What’s this, a lamb chop?  I was confused, as were all other guests.  This was TMB’s version of the popular XLB soup dumpling, where they took the same concept of having flavorful juice inside of a sealed package that bursts inside your mouth.  A pomegranate and meat jus gelatin cube was placed in the middle of the lamb chop through a center incision, sealed with meat glue, and cooked to perfection.  We were instructed to eat the whole thing in one bite so as not to waste any of the flavorful juices onto the plate, and boy was this one juicy and mind blowing dish.  I closed my eyes when I went for the kill and I felt my heart skip a beat as the hot mouthwatering juices burst inside of my mouth and filled every crevice with its intense richness.  I didn’t even bother with the sweet potato, pistachio, honey and ginger purée, as the lamb XLB was already perfect on its own.

Miso Soup 味噌汁

Another winning dish for the evening was the deconstructed miso soup.  A jiggly blob of miso soup ‘sphere’ garnished with white tofu ‘caviar’, a drop of green onion oil and dried wakame seaweed powder were all presented as separate entities on the porcelain spoon.  However, in that one swift bite, the miso sphere burst open like a water balloon under the slightest pressure of tongue on palate to mix with the other components to trick my taste buds into thinking that I was having a comforting sip of warm miso soup from the bowl.  This dish was fun, clever and playful.

Snow, Sel Guerande 雪ー冬のいぶき

The first dessert course was a winter dish that was made with nitro-frozen shavings of milk with sel guerande.  The liquid nitrogen formed that characteristic white mist that slowly and eerily spilled out of the bowl.  The crispy and crunchy flakes tasted sweet like condensed milk, and I loved the dragon’s breath effect that the liquid nitrogen created as diners munching on the dessert unwittingly snorted white smoke out of their nostrils.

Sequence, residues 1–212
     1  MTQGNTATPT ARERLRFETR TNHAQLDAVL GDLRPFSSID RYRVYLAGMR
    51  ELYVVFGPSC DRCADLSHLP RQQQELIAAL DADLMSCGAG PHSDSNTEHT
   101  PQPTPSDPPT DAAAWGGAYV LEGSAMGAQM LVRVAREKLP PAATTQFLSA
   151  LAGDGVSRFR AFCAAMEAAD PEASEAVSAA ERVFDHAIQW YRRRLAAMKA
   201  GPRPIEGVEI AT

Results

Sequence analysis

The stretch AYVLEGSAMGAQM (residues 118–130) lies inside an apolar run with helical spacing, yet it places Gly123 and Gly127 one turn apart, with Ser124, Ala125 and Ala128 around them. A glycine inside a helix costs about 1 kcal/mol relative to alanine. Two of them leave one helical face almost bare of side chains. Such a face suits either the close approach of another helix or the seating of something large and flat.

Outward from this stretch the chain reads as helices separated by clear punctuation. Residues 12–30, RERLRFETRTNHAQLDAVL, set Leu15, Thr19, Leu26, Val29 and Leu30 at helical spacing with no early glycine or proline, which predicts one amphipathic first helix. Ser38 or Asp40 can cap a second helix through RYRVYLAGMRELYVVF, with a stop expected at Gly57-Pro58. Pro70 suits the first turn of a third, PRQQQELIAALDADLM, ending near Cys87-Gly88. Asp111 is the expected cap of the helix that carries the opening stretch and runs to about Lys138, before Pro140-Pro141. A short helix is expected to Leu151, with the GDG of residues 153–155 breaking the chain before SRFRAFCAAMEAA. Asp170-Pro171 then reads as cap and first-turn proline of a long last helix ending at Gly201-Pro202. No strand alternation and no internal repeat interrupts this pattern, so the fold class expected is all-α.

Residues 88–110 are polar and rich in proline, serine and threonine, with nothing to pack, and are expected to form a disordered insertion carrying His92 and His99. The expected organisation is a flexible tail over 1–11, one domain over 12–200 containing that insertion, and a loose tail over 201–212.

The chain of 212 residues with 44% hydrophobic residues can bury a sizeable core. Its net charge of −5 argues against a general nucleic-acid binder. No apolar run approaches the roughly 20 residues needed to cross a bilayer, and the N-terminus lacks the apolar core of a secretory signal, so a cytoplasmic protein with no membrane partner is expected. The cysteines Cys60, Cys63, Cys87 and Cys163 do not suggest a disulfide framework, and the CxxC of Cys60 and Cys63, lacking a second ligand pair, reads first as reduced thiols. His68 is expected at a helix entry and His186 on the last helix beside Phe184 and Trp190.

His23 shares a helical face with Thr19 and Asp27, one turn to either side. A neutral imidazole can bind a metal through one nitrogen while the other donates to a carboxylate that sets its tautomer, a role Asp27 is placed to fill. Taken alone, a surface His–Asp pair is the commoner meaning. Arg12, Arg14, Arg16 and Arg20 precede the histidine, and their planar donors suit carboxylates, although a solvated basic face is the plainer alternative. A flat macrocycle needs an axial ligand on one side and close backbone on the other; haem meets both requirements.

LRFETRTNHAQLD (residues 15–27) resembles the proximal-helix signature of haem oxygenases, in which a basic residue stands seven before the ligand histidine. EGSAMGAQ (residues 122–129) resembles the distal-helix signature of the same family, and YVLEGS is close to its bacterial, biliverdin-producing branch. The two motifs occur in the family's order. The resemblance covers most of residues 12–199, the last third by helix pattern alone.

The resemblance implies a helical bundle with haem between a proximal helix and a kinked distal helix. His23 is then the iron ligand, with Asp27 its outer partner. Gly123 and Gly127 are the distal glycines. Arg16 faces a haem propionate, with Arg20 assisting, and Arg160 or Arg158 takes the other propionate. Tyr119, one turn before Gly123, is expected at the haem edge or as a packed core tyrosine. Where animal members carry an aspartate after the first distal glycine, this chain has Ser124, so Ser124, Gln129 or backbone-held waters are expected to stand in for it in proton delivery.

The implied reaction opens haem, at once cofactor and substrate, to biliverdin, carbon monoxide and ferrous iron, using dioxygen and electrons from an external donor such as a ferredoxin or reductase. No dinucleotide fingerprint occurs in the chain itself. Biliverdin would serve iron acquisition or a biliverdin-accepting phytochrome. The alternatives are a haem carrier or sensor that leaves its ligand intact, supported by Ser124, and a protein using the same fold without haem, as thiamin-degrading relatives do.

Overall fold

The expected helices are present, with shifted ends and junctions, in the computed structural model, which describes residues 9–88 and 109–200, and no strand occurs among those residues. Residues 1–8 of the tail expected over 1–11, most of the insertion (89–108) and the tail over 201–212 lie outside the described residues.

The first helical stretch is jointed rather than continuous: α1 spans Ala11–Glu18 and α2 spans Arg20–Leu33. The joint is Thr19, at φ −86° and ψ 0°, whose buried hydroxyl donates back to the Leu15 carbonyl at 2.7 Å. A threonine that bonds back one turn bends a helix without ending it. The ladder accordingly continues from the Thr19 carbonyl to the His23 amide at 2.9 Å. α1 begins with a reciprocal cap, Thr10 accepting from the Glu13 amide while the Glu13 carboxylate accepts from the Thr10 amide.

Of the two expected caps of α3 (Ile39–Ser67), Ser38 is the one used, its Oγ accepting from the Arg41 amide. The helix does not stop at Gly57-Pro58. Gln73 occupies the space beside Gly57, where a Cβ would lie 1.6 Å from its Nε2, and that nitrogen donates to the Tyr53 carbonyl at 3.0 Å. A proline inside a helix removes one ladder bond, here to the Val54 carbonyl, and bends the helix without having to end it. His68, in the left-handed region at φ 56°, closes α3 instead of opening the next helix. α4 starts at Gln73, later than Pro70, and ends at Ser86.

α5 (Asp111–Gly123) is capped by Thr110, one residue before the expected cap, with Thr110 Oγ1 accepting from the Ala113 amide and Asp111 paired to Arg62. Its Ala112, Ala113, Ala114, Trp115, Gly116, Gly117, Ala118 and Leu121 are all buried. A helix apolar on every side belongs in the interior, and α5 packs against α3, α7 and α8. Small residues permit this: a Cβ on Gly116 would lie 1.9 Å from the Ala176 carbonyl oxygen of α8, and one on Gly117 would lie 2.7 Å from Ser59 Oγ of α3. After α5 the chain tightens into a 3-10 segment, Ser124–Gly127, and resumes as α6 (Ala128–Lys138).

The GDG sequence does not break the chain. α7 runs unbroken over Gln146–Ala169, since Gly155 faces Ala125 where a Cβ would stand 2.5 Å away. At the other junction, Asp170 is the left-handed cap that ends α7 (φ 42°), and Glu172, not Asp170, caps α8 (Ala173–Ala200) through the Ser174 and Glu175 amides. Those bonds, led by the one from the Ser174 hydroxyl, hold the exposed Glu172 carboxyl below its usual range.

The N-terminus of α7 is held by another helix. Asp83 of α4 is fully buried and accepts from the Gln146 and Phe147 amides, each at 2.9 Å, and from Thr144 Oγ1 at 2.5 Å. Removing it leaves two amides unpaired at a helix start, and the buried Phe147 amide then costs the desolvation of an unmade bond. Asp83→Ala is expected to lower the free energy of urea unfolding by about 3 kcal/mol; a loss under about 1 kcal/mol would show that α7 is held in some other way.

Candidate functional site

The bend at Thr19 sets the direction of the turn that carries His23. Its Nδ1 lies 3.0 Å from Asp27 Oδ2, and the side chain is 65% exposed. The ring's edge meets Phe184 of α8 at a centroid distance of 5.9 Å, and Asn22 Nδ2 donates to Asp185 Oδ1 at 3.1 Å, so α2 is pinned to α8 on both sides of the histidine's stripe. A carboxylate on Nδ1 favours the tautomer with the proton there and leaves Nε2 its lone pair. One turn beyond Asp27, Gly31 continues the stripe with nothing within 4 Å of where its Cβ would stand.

Dessert plate デザート

An architectural display of various bite-sized sweets was presented to us as we started winding down from our extravagant meal.

Mont Blanc モンブラン

This delightful ball had a light whipped creamy interior with a dusting of brown chestnut powder.

Raspberry Soda 木いちごのソーダ

Olive oil gummy オリーブ油のグミ

The pink raspberry soda disc that fizzed with carbonation on my tongue tasted sweet and creamy at first, then changed to sour and tangy once the fizzing started.  The yellow olive oil gummy with sugar coating had a sweet yet rich and slightly nutty flavor.

Cappuccino cotton candy カプチーノ

Genuine chocolate truffle 正真正銘のトリュフチョコレート

I loved the cappuccino flavored cotton candy fluff ball whose fine soft fibers melted and collapsed in my tongue into a sweet coat of sugar.  The genuine chocolate truffle was genuine in both senses of the term- it was a silky black chocolate truffle that was generously coated with real black truffle powder.  The balance of sweet and savory, sugary and earthy were superb and divine.